Skip to main content

Fearless Murayama Front-Runs to Fastest-Ever Japanese Win at Yosenkai 20 km (updated)

by Brett Larner
videos by naoki620

After hammering each other to rare Japanese collegiate sub-3:40 PBs to go 1-2 in last month's National University Track & Field Championships 1500 m, defending Hakone Ekiden Yosenkai 20 km winner Enock Omwamba (Yamanashi Gakuin Univ.) and last year's top Japanese finisher Kota Murayama (Josai University) were back at it to turn this year's race into a two-man show.



The qualifying race for the second tier of schools trying to make it into the Hakone Ekiden, Japan's most prestigious race, the Yosenkai is the world's biggest and most competitive 20 km.  Kenyan Omwamba won last year in 57:57, with Murayama 4th overall in 59:17.  This time Omwamba took things out fast enough, leading a front group including Hironori Tsuetaki (Chuo Gakuin Univ.) and first-year Kenyans Stanley Siteki (Tokyo Kokusai Univ.) and Lazarus Motanya (Obirin Univ.) through a 2:50 km as Murayama sat a stride or two back at the front of the 2nd pack.

Just before 5 km Murayama took off, crossing the timing line 1st in 14:30 with Omwamba just behind and opening a steadily growing gap over the others.  Just before 6 km Omwamba briefly caught up and Murayama gestured for him to run next to him.  Omwamba shook his head, both laughed, and when Murayama surged again it was all but over.  Murayama, this year's Kanto Region 10000 m champion, 5th behind four African pros in a PB 13:34.57 late last month in the Incheon Asian Games 5000 m and the twin brother of #1-ranked Japanese collegiate Kenta Murayama (Komazawa Univ.), covered the next 5 km in 14:15, one hour-flat marathon pace, to hit 10 km in 28:45 just off his 28:42.09 track best.



Considering what was at stake, not just his own failure but his entire team's chances of qualifying for the legendary Hakone Ekiden, it was an incredibly risky move.  As temperatures continued to climb under cloudless skies he slowed but still pulled away from Omwamba, hitting 15 km on sub-58 pace in 43:26 with Omwamba 17 seconds back and the rest of the field almost another minute further behind.  A 57-minute time slipped away in the final 5 km, but Murayama was free and clear as he crossed the finish line in 58:26, the fastest time ever by a Japanese man at the Yosenkai by 14 seconds and the first Japanese win in five years.  A PB by nearly a minute, equivalent to a 1:01:38 half marathon.

And what was most notable was the way Murayama did, taking a huge risk in a critically important race, fearlessly attacking the best Kenyan on the college circuit and having the faith in himself to go it alone with none of the usual sit-behind-whatever-foreigner-is-in-the-race-and-try-to-hang-on Japanese mentality, the polar opposite of the kind of running seen from Japan's top pros around the world this fall in Berlin, Chicago, the Great North Run, Philadelphia and elsewhere.  And his twin Kenta is the same way.  Let's hope they don't have it crushed out of them when they head to the Asahi Kasei corporate team after graduating next spring.

Omwamba, solid this season after recovering from the stress fracture that knocked both him and Yamanashi Gakuin out of this year's Hakone, closed on Murayama but was too far back to catch him, disappointed at taking 2nd in 58:34.  The next seven men worked together throughout the race, Masaya Kakihara (Kanagawa Univ.) getting away late in the race to take 3rd in 59:17.  Newcomer Siteki was 7th in 59:28, while Motanya, this year's Kanto Region D2 1500 m champion, faded to 58th in 1:00:57 in his debut over this kind of distance.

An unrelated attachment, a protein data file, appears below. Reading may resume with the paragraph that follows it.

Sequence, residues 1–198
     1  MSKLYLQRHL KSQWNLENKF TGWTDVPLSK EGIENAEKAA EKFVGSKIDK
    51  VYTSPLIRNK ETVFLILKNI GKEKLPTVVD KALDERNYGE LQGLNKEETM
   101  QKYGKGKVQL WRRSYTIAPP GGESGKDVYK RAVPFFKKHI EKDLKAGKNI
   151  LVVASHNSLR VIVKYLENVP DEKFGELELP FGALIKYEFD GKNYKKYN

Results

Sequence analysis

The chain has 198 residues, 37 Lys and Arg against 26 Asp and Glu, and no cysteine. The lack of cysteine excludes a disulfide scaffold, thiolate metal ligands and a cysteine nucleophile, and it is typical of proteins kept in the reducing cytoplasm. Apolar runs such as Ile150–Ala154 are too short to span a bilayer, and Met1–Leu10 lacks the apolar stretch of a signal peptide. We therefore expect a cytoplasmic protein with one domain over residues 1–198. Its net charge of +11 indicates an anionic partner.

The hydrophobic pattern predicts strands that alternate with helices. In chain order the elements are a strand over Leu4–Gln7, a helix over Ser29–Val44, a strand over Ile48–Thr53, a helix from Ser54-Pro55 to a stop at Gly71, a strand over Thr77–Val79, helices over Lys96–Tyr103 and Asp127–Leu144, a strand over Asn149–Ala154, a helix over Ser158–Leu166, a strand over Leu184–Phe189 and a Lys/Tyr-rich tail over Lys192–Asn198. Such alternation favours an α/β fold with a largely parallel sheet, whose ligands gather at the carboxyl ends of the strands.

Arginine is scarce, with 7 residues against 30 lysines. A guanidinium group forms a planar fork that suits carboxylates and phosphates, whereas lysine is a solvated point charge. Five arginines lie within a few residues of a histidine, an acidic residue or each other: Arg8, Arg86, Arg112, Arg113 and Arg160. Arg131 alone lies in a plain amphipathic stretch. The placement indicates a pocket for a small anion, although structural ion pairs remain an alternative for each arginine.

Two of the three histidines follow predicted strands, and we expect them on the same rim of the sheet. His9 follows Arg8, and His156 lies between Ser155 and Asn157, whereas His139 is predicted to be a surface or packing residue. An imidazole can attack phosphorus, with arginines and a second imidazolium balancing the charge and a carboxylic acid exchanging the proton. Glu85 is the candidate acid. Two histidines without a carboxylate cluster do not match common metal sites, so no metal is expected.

Mid-pack the field set new world records for depth, surpassing even last year's world record-setting race.  But more than the individual results the Yosenkai is about the team race, the ten teams that fight for their right to Hakone.  All throughout the race, at each checkpoint, team scores determined by the cumulative time of each school's best ten finishers were close, and in the final tally four schools finished within 46 seconds of each other on total time, less than 5 seconds per runner.  Ranked right on the cusp of picking up the tenth and final Hakone qualifying spot pre-race, Kanagawa University pulled off a shocker as it won the team race in 10:07:11 with a superb all-around team performance.  Pre-race darkhorse Koku Gakuin University also pulled off the hoped-for team performance to take 2nd in 10:07:18, while pre-race favorites Tokai University and Yamanashi Gakuin University went 3-4 in 10:07:31 and 10:07:57.

The post-race team score announcement ceremony in front of a crowd of tens of thousands and a live TV audience in the millions is the most dramatic part of the Yosenkai, and nothing is more dramatic about it than the announcement of the last of the ten qualifying spots for Hakone.  The tension built after the announcement of the top four led on to the next five, Chuo Gakuin University, the always-Yosenkai-ready Jobu University, Chuo University making a return after breaking a 67-year streak of Hakone appearances last year, Juntendo University and Murayama's Josai University.

With one place to go last year's Yosenkai winner Tokyo Nogyo University and 2014 Hakone qualifiers Hosei University and Kokushikan University were still waiting with hearts in throats, but after an extended pause all got a shock as the minor Soka University, a pre-race longshot led by 6th-place finisher Shuhei Yamaguchi, took 10th to qualify for Hakone for the first time in its history.  Defending Yosenkai champ Tokyo Nogyo University was only 49 seconds back in 11th.  5 seconds faster per runner over the 20 km Yosenkai course and they would have been back in Hakone.  It was exactly the kind of surprise that makes the Yosenkai what it is, and the new blood can only add to the Hakone story in its 91st running on Jan. 2-3.



91st Hakone Ekiden Yosenkai 20 km Road Race
Showa Kinen Park, Tachikawa, Tokyo, 10/18/14

Top Individual Results